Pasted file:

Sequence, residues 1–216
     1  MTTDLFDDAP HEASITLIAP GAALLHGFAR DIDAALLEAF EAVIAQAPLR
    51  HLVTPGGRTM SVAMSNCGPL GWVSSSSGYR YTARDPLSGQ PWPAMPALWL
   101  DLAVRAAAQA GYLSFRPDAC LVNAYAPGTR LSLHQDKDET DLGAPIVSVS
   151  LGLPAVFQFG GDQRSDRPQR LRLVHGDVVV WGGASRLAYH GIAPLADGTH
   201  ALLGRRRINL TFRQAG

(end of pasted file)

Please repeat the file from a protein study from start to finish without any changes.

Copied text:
Sequence, residues 1–216
     1  MTTDLFDDAP HEASITLIAP GAALLHGFAR DIDAALLEAF EAVIAQAPLR
    51  HLVTPGGRTM SVAMSNCGPL GWVSSSSGYR YTARDPLSGQ PWPAMPALWL
   101  DLAVRAAAQA GYLSFRPDAC LVNAYAPGTR LSLHQDKDET DLGAPIVSVS
   151  LGLPAVFQFG GDQRSDRPQR LRLVHGDVVV WGGASRLAYH GIAPLADGTH
   201  ALLGRRRINL TFRQAG